Most of our natural resources are finite. That is why it is a good practice to recycle whatever resources we can so that we can continue to utilise them for our benefit in the future.
The car battery is no different in this regard and the same principle of recycling can be applied to it as well.
In South Africa, there is a rich culture of recycling batteries. Every year, thousands of car batteries are recycled, and the materials extracted from them are used for different purposes.
To preserve and perpetuate this culture, BPZ aims to create awareness among car users regarding the practice of recycling their old car batteries.
In this article, we will explore some of the different aspects of recycling batteries to answer as many queries on this topic as possible.
The most common question that kick starts the battery recycling discussion is when to recycle the battery. Common sense dictates that it should be done once the battery cannot perform its normal operations any longer.
However, some people would define the end of a car battery's life in different ways. They may use time as an estimate i.e. If the car battery is 2-3 years old, it has reached the end of its useful life regardless of its performance. While others may focus purely on the battery's performance. Many would note and observe symptoms, like the car taking multiple attempts to start in the mornings or the headlights being dimmer than usual. These are sometimes key indicators to conclude that a battery is no longer functioning properly and needs to be replaced.
That said, while such viewpoints are quite common, there is a more standardised and widely accepted definition of a battery's endpoint. It is said that once a battery drops to 80% of its rated capacity then it has somewhat reached the end of its useful life. Therefore, we recommend that our customers perform regular battery checkups to ensure that their car batteries are always in peak working order. If it is observed that a car battery has dropped below 80% of its rated capacity, then it may be time to replace and then ultimately recycle the battery.
How to recycle the battery?
Many people like to be hands-on and opt for the "do it yourself" approach when it comes to recycling. While this may work with other everyday items and products, it is not a good idea to even attempt recycling a car battery yourself. The main reasons being the health and environmental risks involved when recycling, is not done professionally. Especially in the case of lead acid batteries. Should one break up and smelt lead often and without the correct equipment, hazardous side effects such as lead poisoning are a reality.
For most cars, lead-acid batteries are used. It is risky to try and dismantle it yourself because it is filled with various hazardous materials.
The plates of the battery are made of lead, a poisonous metal. The battery fluid or electrolyte is sulphuric acid which is highly corrosive and causes burning if it comes in direct contact with the skin.
Moreover, once the battery is opened, it may release fumes of sulphuric acid that can cause irritation and harm if inhaled.
Considering these facts, one must never attempt to recycle a car battery on one’s own and we urge all our clients to drop their old car batteries with us to facilitate the recycling process.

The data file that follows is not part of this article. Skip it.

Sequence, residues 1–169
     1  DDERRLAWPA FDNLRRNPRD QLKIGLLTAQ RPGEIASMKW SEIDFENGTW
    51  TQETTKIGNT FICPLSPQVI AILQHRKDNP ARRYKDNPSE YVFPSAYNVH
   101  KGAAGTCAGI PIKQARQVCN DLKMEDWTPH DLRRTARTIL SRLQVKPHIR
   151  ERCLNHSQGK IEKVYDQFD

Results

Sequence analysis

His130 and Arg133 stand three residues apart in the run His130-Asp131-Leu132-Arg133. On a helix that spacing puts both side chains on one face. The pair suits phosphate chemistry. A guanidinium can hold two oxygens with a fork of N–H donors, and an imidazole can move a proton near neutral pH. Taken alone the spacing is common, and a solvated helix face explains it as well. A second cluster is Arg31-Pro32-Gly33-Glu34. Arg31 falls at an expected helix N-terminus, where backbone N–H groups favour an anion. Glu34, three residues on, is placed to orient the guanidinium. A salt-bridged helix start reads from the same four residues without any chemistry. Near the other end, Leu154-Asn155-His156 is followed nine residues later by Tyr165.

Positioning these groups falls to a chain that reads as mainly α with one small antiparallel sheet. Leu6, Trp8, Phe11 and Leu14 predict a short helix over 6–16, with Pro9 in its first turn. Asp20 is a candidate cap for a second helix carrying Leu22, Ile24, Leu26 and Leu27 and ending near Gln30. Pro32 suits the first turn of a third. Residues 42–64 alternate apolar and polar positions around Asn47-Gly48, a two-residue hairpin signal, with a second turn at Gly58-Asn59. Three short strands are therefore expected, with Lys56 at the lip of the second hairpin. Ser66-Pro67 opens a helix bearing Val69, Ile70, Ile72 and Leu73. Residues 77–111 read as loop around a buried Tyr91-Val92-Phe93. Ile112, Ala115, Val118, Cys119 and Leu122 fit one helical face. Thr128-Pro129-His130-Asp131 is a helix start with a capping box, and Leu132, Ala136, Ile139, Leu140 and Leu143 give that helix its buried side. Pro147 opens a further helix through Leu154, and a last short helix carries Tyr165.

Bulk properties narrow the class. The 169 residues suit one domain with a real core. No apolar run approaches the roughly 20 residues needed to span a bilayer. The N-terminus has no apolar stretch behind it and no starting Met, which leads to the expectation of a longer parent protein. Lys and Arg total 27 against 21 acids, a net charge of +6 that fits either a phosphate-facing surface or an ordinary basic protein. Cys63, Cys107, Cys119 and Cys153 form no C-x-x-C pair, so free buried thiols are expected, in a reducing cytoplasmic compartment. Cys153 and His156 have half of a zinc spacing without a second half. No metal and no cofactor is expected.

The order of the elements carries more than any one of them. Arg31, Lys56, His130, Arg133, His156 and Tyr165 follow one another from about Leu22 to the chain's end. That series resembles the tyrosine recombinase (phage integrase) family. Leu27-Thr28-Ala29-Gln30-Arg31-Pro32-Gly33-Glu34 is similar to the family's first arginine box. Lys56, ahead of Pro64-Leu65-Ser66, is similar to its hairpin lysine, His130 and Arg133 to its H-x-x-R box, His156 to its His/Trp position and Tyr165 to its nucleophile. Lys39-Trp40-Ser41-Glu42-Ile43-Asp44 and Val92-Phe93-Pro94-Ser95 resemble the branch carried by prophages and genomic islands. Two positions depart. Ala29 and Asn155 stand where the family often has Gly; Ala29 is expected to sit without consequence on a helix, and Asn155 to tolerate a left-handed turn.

There are also multiple recycling centers across the country at different locations if you are not close to a BatteryPower Zone. Perform a simple google search to look them up, locate the nearest one and simply drop your battery off there. If for some reason you cannot travel, you can get in touch with a BPZ, we might be able to pick the battery up from your home, depending on your location.
This may suit more people as lead-acid batteries can be heavy. There are some auto stores like us that work in partnership with these recycling centers to make battery recycling a simple and easy task for consumers to do.
How are batteries recycled?
Once the batteries reach these recycling centers, one may wonder about the actual process of recycling. Furthermore, there may be some curiosity regarding the usage of the materials extracted from recycled batteries.
The recycling process starts with breaking the battery down at a hammering mill. Once the battery is broken down into pieces, the acid and any other fluids are drawn out and the rest of the material is placed in a vat.
Lead and other heavy materials sink to the bottom while the plastic from the case floats to the top. This separates the materials that are then sent to different recycling stations.
The plastics from the battery are then washed, cleaned, and dried. They are then heated and melted down to a semi-liquid state. Once that is done, the plastic is placed in molds and is allowed to cool down so that they can later be turned into small plastic pellets. These pellets are then primarily used to manufacture new battery cases.
The lead in the battery is given a similar treatment as well. The lead oxide and other lead-based parts are melted down in a furnace. The liquid is poured in molds and then allowed to cool. The impurities naturally float to the top of the liquid and are removed. Once the lead has cooled completely, it is sent back to the battery manufacturers who re-use the lead to creating new batteries.
The sulphuric acid from the battery is normally used in 2 ways. It can either undergo a neutralisation chemical reaction that turns it back to water or it can be used to form sodium sulphate, a compound used in the detergent industry.
Overall, over 90% of the recycled parts of lead-acid batteries are reused to make new batteries. Recycling your old batteries goes a long way to helping the environment and battery manufactures.